Taiji 37

Taiji 37  (also called Nanpai or Southern School Taiji)                                

is a series of Taijiquan techniques which, as customary in Chinese tradition, were usually passed on only from father to son. Nearly lost when many of the Southern School Masters were killed in the Sino-Japanese war, this knowledge was recovered and passed on by Dr. Shen Hongxun.

Poetry of the Nanpai School of Taiji evokes a mysterious and enigmatic image, of being invisible and without form, meaning that really there is no Taiji Form as such, only standing postures and stances that naturally flow from one to another through spontaneous movement.  

T37 Poem Upgrade Oct 2016 copy

Invisible, without form

your whole body transparent and empty

Surrender yourself to nature,

as a giant rock suspended 

in midair on the Western Mountain does.

Like a howling monkey, a roaring tiger,

still water, a quiet stream

Overturning rivers and seas,

turn yourself around 

and stand in a new life....

Peak of Khan Tengri at sunset copy

The Chinese calligraphy as shown above is the corrected version; the version presented in the Taiji 37 books was misprinted, an error unnoticed until after the death of Dr. Shen, discovered by Paul Brewer whilst doing research and corrected in 2016 by Andrew Wormald and Shen Jin.

Each Posture has its own specific spontaneous movement, which manifests as a result of the appropriate mental attitude, the right level of concentration and a correct posture. When practised in this way the postures stretch and open different energy channels and activate the three qi-circulations, helping to expel pathogenic factors (BinQi) from the body. With further exercise, the spontaneous movement becomes more refined and internalised. Students learn to control and guide this spontaneous movement force through the cultivation of strong mental force. 

The function of these Taiji 37 techniques is to awaken and activate the Dantian (energy centre) and thus cultivate Taijijin (Taiji Forces), primary of which are Vibration Force, Spontaneous Movement Force, and Mental Force.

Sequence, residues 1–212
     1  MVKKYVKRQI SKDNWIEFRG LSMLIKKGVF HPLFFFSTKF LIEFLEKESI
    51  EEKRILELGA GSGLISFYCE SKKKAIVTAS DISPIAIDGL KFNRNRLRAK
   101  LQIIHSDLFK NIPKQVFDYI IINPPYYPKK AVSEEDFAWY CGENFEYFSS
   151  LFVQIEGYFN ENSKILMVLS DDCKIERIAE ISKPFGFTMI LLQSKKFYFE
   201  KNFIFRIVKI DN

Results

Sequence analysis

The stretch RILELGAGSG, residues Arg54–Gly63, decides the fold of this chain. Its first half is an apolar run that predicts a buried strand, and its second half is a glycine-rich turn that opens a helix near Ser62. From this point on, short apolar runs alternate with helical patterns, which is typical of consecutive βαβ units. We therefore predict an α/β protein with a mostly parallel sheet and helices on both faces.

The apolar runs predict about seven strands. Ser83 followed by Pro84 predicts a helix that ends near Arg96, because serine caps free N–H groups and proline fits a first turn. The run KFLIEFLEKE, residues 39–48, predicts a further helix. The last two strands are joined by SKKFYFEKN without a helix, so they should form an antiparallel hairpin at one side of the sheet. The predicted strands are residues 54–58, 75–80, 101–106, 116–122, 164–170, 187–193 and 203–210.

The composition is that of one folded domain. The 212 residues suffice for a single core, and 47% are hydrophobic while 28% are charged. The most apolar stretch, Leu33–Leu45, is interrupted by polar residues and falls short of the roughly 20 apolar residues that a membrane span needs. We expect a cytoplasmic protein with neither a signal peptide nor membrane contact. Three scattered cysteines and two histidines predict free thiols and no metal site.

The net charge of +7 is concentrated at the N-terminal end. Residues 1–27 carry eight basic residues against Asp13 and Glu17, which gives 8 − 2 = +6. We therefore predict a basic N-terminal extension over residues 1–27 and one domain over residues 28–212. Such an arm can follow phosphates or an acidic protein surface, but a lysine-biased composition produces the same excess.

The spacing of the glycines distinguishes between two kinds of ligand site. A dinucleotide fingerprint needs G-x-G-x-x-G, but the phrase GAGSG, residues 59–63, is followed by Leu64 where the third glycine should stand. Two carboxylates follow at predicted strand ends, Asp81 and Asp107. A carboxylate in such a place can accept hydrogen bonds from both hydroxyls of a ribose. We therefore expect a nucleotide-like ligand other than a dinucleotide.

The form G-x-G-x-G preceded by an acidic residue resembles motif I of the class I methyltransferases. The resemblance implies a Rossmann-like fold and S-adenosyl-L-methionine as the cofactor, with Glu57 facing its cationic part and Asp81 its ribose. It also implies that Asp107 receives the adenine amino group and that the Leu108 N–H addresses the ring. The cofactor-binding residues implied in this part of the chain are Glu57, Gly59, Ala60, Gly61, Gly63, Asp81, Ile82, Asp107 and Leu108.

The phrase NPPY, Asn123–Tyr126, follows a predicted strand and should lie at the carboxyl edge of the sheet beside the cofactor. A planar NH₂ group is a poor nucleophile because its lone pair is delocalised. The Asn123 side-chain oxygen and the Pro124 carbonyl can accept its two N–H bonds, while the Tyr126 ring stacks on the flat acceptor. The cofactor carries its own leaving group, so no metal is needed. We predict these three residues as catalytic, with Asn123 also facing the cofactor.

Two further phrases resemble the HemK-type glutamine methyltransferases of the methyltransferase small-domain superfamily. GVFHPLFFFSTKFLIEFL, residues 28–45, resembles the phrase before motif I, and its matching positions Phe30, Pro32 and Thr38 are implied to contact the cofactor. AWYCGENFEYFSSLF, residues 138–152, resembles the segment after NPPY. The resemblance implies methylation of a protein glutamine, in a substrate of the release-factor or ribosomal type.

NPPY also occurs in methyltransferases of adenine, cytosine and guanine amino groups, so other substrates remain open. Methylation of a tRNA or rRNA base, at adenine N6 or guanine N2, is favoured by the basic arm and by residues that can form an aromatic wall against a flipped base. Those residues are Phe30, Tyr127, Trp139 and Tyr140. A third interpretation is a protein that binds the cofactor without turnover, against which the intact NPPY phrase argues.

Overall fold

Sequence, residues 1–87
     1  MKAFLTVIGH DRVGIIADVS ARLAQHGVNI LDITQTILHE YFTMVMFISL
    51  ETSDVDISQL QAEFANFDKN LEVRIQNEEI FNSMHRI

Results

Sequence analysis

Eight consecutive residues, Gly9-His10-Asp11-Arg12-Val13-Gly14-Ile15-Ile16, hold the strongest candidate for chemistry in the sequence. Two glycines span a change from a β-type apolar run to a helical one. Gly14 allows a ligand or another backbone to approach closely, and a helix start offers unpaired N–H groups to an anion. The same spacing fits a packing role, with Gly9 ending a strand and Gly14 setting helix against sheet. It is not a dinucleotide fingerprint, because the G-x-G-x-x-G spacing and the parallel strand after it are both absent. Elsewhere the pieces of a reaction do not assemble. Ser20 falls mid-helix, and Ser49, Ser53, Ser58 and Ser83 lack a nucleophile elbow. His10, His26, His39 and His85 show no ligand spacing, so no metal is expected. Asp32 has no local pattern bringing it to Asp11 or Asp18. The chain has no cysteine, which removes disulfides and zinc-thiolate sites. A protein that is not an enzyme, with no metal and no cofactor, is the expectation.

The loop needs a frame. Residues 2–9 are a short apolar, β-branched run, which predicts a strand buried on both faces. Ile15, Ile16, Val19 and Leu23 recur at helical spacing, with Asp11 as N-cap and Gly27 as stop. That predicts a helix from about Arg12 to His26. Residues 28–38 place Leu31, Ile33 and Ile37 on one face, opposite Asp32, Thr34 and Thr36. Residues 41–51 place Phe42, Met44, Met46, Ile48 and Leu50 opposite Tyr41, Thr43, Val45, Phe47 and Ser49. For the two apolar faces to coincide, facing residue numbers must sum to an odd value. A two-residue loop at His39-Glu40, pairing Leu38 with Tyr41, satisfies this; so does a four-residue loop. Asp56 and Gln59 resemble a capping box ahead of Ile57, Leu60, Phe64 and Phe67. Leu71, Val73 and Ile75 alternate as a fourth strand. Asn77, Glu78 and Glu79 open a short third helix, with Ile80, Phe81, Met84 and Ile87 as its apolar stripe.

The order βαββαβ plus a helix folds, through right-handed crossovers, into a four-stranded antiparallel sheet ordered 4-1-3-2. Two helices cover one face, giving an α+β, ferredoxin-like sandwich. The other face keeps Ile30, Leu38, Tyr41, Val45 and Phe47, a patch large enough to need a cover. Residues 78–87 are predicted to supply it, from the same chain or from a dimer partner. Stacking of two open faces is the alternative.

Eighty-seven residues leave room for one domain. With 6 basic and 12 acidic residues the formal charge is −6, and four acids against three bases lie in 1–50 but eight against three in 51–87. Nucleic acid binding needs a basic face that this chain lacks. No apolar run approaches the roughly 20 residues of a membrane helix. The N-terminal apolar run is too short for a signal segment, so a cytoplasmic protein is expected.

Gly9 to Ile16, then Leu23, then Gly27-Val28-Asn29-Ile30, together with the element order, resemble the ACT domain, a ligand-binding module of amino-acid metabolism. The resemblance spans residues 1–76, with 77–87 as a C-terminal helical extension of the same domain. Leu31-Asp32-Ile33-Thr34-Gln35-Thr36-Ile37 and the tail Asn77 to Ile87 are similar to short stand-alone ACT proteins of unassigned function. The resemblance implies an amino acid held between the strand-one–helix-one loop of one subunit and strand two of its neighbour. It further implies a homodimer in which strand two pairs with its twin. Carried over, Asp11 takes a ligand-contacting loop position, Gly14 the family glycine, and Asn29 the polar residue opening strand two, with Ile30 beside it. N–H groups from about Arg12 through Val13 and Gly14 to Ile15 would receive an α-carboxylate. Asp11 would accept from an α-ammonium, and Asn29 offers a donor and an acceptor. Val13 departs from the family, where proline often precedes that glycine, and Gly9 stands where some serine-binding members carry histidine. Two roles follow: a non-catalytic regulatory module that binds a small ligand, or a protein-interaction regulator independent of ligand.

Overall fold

These forces are innate to everyone  but in most people they are dormant.  Many practitioners of Taijiquan have  never experienced the sensation of movement  of their inner energy and do not know how to discover and develop these Taijijin. 

Traditionally, the prerequisite foundation for studying Taijiquan was to develop Taiji forces through these standing postures. 

Originally, Taiji was created as a martial art and used for combat. Fighters practised to activate their Dantian, then, when Dantian force flowed freely through their energy channels, skilled fighters could project this force out of their bodies and use them to fight opponents, even at a distance. 

Today, Taijiquan has shifted towards a more health-orientated purpose, but the forces used for health and healing are exactly the same. With training these Taiji Forces can be used for self-healing and for the treatment of others. 

Most people (supported by the results of numerous medical research projects) think that Taijiquan has a healing effect. Many practitioners believe that it improves their health because it activates the qi circulation; this is in part true, but the main reason is because the outward stretching and direction of concentration force and Qi expels negative, stale, stagnant and potentially illness causing factors (BinQi). 

Taiji Forces increase the volume and force of the Qi flowing through the meridians and push the BinQi out of the body, removing blockages in the energy channels, optimising the circulation of the internal vital energy or life force, allowing the Qi to circulate freely again and thus helping to correct and regulate all bodily functions and thereby improve health and wellbeing.  

For these reasons Taiji 37 is a swift and direct route to better health and to a higher level of understanding of Taiji Forces and the practice of Taijiquan

further info here